When I woke up that Wednesday, flicked on my phone and read the local news raging like a California brushfire across my Facebook feed, my heart sank. Eugene Antifa had unmasked a wolf among us. Bethany Sherman — local cannabinoid queen, the business darling of the local media, founder, owner and CEO of OG Analytical — was, and in fact still is, a white nationalist.
My partner lay back in bed, incredulous. An acquaintance of Sherman, he could barely believe that someone who frequented the same progressive circles, who was a leader and something of a socialite in the hippy-dippy biosphere of the Whiteaker community had crossed city lines to bake swastika-styled cookies for the likes of a white supremacist with the Twitter handle titled GenocideJimmy.
Had she always been one? How had this facet — this glaringly huge and horrible aspect — of her identity escaped the notice of friends and family, not least of all her co-workers and co-owners? Bethany Sherman had laughed among us, hosted parties in the stronghold of the far-left anarchic neighborhood, and tested the medical efficacy of cannabis for a wealth of Eugene people hailing from all shades of the rainbow: black, brown, white, queer, Latino, Jewish, cis and straight.
Not once did anyone suspect that she had fed and supplied the hateful rally on April 24,where her boyfriend, Matthew Combs, threw a sieg heil from behind the safety of a balaclava. I wished I shared in the collective shock that was shaking everyone else to the core.
As I surveyed the photos of her boyfriend with his outstretched arm raised high, eyes defiant, a familiar feeling — a feeling of dread laced with shame and anxiety — settled in my stomach. The last time I had seen a sieg heil performed by a real person, I was lying on the carpet in my bedroom.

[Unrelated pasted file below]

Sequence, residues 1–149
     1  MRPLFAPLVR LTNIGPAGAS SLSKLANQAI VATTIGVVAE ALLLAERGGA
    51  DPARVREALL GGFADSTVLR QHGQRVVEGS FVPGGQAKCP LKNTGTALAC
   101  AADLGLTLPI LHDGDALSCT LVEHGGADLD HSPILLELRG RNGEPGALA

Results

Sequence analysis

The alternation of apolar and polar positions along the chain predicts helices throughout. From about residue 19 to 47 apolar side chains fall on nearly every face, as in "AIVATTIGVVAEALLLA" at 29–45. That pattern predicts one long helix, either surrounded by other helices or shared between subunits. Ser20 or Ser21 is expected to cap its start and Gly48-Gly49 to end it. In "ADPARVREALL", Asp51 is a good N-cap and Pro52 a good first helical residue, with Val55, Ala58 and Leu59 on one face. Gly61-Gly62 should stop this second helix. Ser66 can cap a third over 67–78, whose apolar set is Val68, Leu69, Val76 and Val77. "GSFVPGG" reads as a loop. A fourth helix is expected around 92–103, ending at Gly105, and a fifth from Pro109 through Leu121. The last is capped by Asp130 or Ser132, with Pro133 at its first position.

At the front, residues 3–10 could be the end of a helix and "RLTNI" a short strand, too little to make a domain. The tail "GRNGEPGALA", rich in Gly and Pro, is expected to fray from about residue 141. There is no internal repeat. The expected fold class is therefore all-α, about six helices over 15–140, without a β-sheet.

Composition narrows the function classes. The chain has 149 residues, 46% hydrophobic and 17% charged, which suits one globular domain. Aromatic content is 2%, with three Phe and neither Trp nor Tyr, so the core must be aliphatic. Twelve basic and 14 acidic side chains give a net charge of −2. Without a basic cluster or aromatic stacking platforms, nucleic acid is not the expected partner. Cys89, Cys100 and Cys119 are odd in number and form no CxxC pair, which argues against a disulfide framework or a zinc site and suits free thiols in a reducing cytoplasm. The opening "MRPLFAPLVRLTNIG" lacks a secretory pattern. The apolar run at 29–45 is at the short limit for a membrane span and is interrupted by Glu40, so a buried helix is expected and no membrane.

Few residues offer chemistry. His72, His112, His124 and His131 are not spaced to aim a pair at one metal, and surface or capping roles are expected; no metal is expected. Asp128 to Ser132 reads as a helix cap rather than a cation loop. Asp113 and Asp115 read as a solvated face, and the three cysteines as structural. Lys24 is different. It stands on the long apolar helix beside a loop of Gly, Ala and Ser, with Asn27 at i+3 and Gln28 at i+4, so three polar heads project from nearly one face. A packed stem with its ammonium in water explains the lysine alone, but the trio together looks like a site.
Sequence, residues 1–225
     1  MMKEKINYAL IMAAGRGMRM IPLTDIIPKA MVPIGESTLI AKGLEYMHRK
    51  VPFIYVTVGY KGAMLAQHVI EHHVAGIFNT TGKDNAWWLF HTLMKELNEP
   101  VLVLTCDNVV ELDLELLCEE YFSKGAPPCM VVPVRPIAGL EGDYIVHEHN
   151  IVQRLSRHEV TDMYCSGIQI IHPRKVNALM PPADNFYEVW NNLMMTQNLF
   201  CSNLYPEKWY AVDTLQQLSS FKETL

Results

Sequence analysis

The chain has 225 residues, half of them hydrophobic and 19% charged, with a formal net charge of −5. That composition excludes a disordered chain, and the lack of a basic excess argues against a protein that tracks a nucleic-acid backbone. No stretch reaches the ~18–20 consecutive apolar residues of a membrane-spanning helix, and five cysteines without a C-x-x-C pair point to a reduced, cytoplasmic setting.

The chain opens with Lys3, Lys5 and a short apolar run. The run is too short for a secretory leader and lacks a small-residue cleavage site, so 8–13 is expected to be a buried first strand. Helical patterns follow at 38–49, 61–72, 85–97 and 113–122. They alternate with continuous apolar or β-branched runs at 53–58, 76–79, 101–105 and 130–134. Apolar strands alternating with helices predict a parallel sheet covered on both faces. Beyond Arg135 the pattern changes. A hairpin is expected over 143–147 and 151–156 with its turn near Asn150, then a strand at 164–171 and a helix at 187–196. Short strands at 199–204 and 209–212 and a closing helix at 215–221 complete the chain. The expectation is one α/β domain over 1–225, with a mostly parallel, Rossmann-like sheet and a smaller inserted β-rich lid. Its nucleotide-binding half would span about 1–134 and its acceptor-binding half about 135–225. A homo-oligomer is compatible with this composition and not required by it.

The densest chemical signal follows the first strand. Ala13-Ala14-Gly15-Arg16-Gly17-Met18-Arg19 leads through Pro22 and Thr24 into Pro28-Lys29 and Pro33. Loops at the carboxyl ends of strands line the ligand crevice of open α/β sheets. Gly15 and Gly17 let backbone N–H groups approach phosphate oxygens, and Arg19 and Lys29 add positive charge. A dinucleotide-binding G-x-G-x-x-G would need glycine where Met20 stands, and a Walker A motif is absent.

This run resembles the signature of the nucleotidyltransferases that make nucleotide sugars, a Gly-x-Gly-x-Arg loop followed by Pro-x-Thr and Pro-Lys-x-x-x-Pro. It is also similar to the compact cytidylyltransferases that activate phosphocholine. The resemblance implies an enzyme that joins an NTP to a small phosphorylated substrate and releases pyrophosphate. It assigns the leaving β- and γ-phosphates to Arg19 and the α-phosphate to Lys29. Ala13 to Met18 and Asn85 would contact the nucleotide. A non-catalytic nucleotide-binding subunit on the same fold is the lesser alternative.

The person performing the salute was my husband. I curled up on the floor shivering, trying to understand what just occurred: My husband had forced me to the ground and performed a hate symbol over my naked body. His salute was not ironic. And after years of denial, reality came crashing down.
My then-husband of six years was a Nazi sympathizer. At first the slur was a joke, then a tease and, finally, a taunt. How did he become a Nazi? All these questions and more were hurled at me from across the dining tables of restaurants and cafes as I attempted to date in the aftermath of our divorce. His fascination with pre-war Germany took on a spiritual tone as his research began to delve into the occult side of Nazism.
I married a white supremacist
My ex was not in love with Hitler. Goebbels, Evola, Blavatsky, Henry Ford, Charles Manson and even Martin Luther were thinkers who radicalized my then-husband, both philosophically and spiritually. The man was beyond experimental. He was seeking something and, in so doing, floundering through the dark abyss that is the deep web. On the surface, my ex-husband was a paragon of civic virtue, an upstanding Eugene resident seemingly immune to the radical potholes of far-flung ideologies espoused by racial theosophists. Up until then, everything I knew about my husband barely scratched the surface of his.